There are a few things to be happy for this September. A new coffee house in the next village pleasantly surprised me with stylish interior design: rustic style meets industrial. I'm finding an excuse to bicycle to the post office more often only to sit down with a book and a latte before heading back home. Then there is a feature on Iznik pottery in the latest The World of Interiors issue with mesmerising motifs and colours. Downton Abbey is back with an interesting storyline and gorgeous costume design. Did you notice Lady Mary's blue kimono-style robe? What else? The heavenly scent of pear muffins baking in the oven. The little things ...

Let us start with that feature in the October issue of The World of Interiors, where art historian John Carswell reviews the catalogue The Ömer Koç Iznik Collection by Hülya Bilgi (600 pages, weighs 5 kilos, sold by John Sandoe Books). It shows the Iznik pottery collection of the Koç family, the wealthiest in Turkey. In his interesting review, Carswell briefly tells the story of the Iznik pottery industry from the beginning of the 15th century until its end 300 years later. In the old days, the formerly Byzantine town Iznik, 100 km south-east of Istanbul, flourished because of its position on the main trade route across Anatolia (Asia Minor) from the East. Today it's a 'sleepy little town' but in the late 13th century it was 'one of the first centres occupied by the Ottoman dynasty' (p. 111).

The images accompanying the article show fascinating motifs on tiles, jugs and dishes, painted in vivid colours. According to Carswell, the hallmarks of Iznik design were cobalt blue, turquoise, manganese purple, olive green and red. 'The designs combine purely Turkish motifs with elements transposed from imported Chinese blue-and-white porcelain' and he adds later that '[w]e have no clue why they chose a specific set of motifs and combined them in such a distinctive and particular way' (p. 112).

If you happen to be travelling to Turkey you may want to visit the Topkapi Palace in Istanbul, to enjoy Iznik tiles. The aforementioned catalogue isn't within my current book-budget but for those interested I found two less pricy books online that I would like to have a look at and perhaps offer a permanent place on my coffee table: Iznik Pottery and Tiles: In the Calouste Gulbenkian Collection by Maria d'Orey Capucho and Iznik: The Artistry of Ottoman Ceramics by Walter B. Denny.

I'm not quite done with patterns. Series 6 of Downton Abbey is upon us and I am head-over-heels in love with Lady Mary's blue kimono style robe that Michelle Dockery wore gracefully in a few scenes in the first episode. I tried to find images of it online to see the pattern in detail, but I had no luck so I just paused a scene on the ITV Player and snapped photos of my tablet (please excuse the poor quality).

I don't know whether the robe/kimono is vintage or especially designed for the show but I love its cut and colour. I think costume designer Anna Robbins is doing a great job with displaying the style of the 1920s. I have to admit that the exhausting plots of the last Downton Abbey series almost made me give up on the show but I'm glad I gave it a chance on Sunday. That first episode was promising ... at least the costumes.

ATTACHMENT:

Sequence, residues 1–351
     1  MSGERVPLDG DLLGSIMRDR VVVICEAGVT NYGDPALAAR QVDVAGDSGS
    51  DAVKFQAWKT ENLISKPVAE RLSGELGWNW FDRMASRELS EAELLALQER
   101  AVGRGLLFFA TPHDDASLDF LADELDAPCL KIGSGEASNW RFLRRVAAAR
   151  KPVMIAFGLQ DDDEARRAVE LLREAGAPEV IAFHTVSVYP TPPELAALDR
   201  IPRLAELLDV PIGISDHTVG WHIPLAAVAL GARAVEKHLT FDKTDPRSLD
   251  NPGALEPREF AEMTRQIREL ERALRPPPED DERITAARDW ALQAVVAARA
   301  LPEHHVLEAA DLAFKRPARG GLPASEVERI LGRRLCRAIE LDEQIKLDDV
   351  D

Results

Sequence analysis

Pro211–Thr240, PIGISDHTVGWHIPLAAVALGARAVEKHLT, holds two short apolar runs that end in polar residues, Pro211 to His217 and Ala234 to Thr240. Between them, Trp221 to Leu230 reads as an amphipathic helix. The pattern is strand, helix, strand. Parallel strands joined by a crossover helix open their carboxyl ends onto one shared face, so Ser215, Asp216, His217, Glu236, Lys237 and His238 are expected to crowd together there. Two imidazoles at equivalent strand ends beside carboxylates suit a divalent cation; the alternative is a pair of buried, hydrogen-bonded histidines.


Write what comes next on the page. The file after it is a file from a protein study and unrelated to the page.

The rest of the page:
Spotted in these images: Benaki wallpaper sample in blue mink (LW 198381) by Lewis & Wood
and Wild Thing fabric sample in copper cobalt (LW 188335)

October is approaching and autumn is just around the corner. It's time to embrace the season and turn the pears into muffins. You should have seen my children's happy faces the other day when these were waiting for them after school.

These muffins are moderately sugary and stuffed with pears. Someone asked me recently why I use gluten-free baking powder when I bake with flour containing gluten. The simple reason is that the gluten-free baking powder from Doves Farm is my favourite. I don't like regular baking powder, which always seems to have an annoying aftertaste (use 50% less in the recipe if using regular). A note on choosing between the buttermilk and pureed pears for the wet mixture: It depends on whether the pears I use are juicy or slightly firm. If they are firm I like using pureed pears (I buy Hipp Organic jars in the baby food section), which give the muffins a richer pear taste. If using juicy and sweet pears I make my own buttermilk with milk and lemon juice (see tip below). American readers please note that 1 cup of flour is about 125-135 grams, which means there are about 2 cups in the recipe, depending on the type you use.


3 medium-sized pears
1 large egg, free-range
75 g organic unrefined cane sugar (¼ cup)
1-1½ tablespoons honey (or pure maple syrup)
1½ tablespoons coconut oil
60 ml buttermilk or organic pureed pears (¼ cup)
200 g white spelt flour (or organic plain flour)
50 g wholemeal spelt flour
2½ teaspoons baking powder, gluten-free
¼ teaspoon fine sea/Himalayan salt
½ teaspoon ground cardamom
¼ teaspoon ground nutmeg
optional: a pinch of ground cloves

Peel and core the pears before chopping them finely. Put them aside.

Whisk together the egg, sugar, honey, buttermilk/pureed pears, and coconut oil in a bowl (if the coconut oil is solid place the closed jar in a bowl of hot water before use). If you are making home-made buttermilk let it sit in the measuring cup for a few minutes and whisk it in when it has thickened.

Measure the spelt flour, baking powder, salt and spices into another bowl.

Fold the wet mixture gently into the dry one with a spoon or a spatula and then gently stir in the finely diced pears. At first the batter may appear dry but the pears will add moisture.

Lightly grease 12 silicone muffin cups with coconut oil, spoon the batter into them and place the cups in a muffin tin. Bake at 200°C/400°F (180°C fan oven) for 22-25 minutes. When the muffins are ready, wait for a few minutes before removing them from the silicone cups and then place them on a wire cooling rack.

Uppskrift á íslensku.

If you rather want to use buttermilk instead of pureed pears, it's very easy to make your own. Pour 60 ml (¼ cup) of milk into a measuring cup and add to it 1 teaspoon of freshly squeezed lemon juice. Stir gently and let it sit for a few minutes until it has thickened.